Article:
Comments PlaysWithWolves Likes

It's a tricky situation... Countries can't allow their citizens to go fight wars for others, with no official sanction, then flee back to the safety of their home country at will. It could drag her home country into a war they don't want. And consider what if an opposition soldier makes it to Copenhagen and murders her, but claims it as a valid wartime battle, not murder... Making the country a legitimate battlefield and individuals immune from criminal prosecution under the Geneva convention.
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Hmm. . . Inaccessible to the public you say. You really think that's it? Only The Book of Secrets can confirm or deny this story. The truth is out there.
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Posted on a site that publishes new stuff around the clock...while people sleep...or not sleep.

Ah, the heck with it. You can sleep again tomorrow.
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Funny thing is, that's probably what the photographer intended all along, to generate controversy. After all, any publicity is good publicity right?
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I have wondered from time to time where the expression "blowing smoke up someone's ass" came from. Now I know! Thanks, Neatorama. I am so much smarter now.
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I'm not a big fan of Hallowe'en, but I think anyone who gets their jollies from tricking kids with fake candy has serious issues. Did they have a bad experience, as children, that makes them want to ruin it for everyone else? Just look at the faces of kids when they have scored a big bad of free candy. Only a true monster would want to ruin that. Either participate, or turn out your lights and ignore your door.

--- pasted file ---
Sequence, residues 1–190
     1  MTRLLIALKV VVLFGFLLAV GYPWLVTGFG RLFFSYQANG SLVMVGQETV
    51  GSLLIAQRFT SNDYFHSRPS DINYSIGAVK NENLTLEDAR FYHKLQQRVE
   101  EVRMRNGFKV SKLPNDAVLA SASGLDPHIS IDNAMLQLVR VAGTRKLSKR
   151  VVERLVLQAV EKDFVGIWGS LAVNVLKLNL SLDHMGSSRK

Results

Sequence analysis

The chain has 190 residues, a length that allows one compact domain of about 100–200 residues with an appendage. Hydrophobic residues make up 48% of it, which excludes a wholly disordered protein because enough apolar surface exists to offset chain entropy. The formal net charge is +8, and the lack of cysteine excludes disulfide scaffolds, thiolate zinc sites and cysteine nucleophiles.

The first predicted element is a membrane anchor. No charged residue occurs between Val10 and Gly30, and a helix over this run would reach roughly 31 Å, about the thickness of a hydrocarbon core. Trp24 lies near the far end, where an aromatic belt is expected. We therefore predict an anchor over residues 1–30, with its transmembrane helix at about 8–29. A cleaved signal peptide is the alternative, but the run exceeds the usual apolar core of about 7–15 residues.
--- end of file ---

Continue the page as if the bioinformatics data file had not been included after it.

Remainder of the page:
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Oh, come on! Must I do some sort of historical research in order to be allowed to represent someone from another culture that I might admire? Must I wear an apology tacked to my costume just incase I might offend someone? Seriously? Gimme a break!
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So I guess masquerade balls are no longer allowed then? I remember going to some masquerade balls back in the 70's and 80's and there would be a Marie Antoinette, a Napoleon, a Geisha girl (lady), a Native American princess, a gypsy woman, Eve, witch, vampire, mummy, werewolf, Freud, Moses, Pharaoh, Cleopatra, Henry 8th, Anne Boleyn, Elizabeth I, Ghandi and the list goes on.
The costumes were worn to reflect real or fictional persons that the wearers admired in some way. Not to ridicule or belittle the characters, IMO. Now? I just don't know. Playing pretend with no intention of trying to demean a person but to be someone you admire for one night doesn't seem bad to me. I guess that makes me an awful person. Soon it will be wrong for a guy to dress in drag or a woman to wear a 'man's suit'. This is getting out of hand to me. Maybe I had better just stay home for fear of offending someone with my choice of costume. Is it still okay to dress up as a cat??
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Profile for PlaysWithWolves

  • Member Since 2012/08/04



  • Threads Started 311
  • Replies Posted 142
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